As you read the reviews on Bookshop Talk, you'll notice that every review is positive. No, we're not a bunch of literary
pushovers who love everything we pick up; we just see no point in telling you about a book if we didn't like it.

September 9, 2013


There was a terrible mistake - Wayside School was built with one classroom on top of another, thirty stories high (The builder said he was sorry.) Maybe that's why all kinds of funny things happened at Wayside-especially on the thirteenth floor. (Goodreads)

Reviewed by Julie, Children's lit enthusiast and pop culture geek

Wayside School was a mistake: the builder accidentally made a school consisting of 30 rooms on top of one another, instead of next to each other.  Because of this strange origin, Wayside School has always been a little odd.  In this book, the first of a trilogy, Louis Sachar tells 30 short stories about the classroom on the thirtieth floor.

Although Louis Sachar is best known for his Newbery Winner, Holes, the WAYSIDE SCHOOL books have become somewhat of a cult classic since the first book's publication in 1985.  And for good reason--these books are absurd, creative, and completely hilarious.  Each chapter revolves around a distinct character within the Wayside universe.  Examples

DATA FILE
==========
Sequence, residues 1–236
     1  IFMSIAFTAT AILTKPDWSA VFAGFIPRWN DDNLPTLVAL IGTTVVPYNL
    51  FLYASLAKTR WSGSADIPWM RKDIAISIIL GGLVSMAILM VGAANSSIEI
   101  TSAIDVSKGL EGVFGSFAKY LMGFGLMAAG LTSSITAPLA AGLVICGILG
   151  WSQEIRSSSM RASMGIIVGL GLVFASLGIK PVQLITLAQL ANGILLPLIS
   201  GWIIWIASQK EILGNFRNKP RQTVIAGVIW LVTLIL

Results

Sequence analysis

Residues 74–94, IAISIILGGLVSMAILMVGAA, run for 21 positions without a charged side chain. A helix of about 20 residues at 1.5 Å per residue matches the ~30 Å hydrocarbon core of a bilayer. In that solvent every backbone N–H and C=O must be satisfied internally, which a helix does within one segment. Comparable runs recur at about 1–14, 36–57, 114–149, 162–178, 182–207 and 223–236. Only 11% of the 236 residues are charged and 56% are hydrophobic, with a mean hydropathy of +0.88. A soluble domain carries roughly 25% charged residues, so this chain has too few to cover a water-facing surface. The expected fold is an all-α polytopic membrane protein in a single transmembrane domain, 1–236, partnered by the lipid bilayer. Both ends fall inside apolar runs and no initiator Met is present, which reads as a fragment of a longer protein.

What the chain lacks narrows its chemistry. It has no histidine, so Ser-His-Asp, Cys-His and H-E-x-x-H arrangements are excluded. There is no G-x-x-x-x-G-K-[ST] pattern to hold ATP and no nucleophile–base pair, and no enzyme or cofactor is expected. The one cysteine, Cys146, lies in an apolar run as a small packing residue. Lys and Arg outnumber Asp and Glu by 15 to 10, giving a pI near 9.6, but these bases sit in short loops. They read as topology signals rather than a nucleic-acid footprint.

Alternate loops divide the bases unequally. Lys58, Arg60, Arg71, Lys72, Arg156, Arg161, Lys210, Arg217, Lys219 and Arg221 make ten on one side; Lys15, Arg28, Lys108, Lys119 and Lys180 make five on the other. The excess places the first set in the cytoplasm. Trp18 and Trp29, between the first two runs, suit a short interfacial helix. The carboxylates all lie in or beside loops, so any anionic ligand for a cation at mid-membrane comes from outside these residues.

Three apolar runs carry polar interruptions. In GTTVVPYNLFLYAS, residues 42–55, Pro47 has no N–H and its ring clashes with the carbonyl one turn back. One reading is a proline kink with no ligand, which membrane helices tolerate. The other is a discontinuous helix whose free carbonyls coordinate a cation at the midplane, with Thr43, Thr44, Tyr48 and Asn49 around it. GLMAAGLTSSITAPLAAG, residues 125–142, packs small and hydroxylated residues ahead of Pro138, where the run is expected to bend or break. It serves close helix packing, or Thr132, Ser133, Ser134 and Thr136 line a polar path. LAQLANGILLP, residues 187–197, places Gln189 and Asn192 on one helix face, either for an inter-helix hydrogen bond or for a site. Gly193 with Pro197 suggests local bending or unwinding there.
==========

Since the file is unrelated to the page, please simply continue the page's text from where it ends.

include Bebe, an artist with a mischievous saboteur of a younger brother; Todd, a student who always manages to get sent home early on the kindergarten bus; and Miss Zarves, a teacher who may or may not exist.

Of course, Sachar also enjoys a dark twist on this concept. For instance, the first chapter revolves around Mrs. Gorf, a teacher who hates kids and can turn them into apples by wiggling her ears and sticking out her tongue.  Sachar is Roald-Dahl-esque in his presentation of adults: they are either evil or a bumbling combination of well-meaning, misguided, or simply clueless.  However, the recurring character of Louis the yard teacher, like the author himself, is always on the side of the children.  This role makes him a
redeeming ally for parents who may be reluctant to expose their children to the more frightening adult figures in the series.

Each chapter is very short and can serve as a standalone story. However, it is essential to read them in order, as characters and details appear and reappear throughout the stories.  If you and/or your children enjoy Sachar's unique brand of absurdist humor, be sure to check out the other two books in the series: Wayside School is Falling Down and Wayside School Gets a Little Stranger.  Two more companion books, brain teasers called Sideways Arithmetic from Wayside School, also exist, but may be difficult to find in print.  Check for them online if the stories pique your child's interest!

Market: Children's fiction (I'd say 2nd-5th grade)
Violence: None
Language: Some creative, elementary-school-style insults, but pretty tame overall
Sensuality: None
Adult Themes: Frightening teachers, some bullying behaviors, like name-calling

No comments: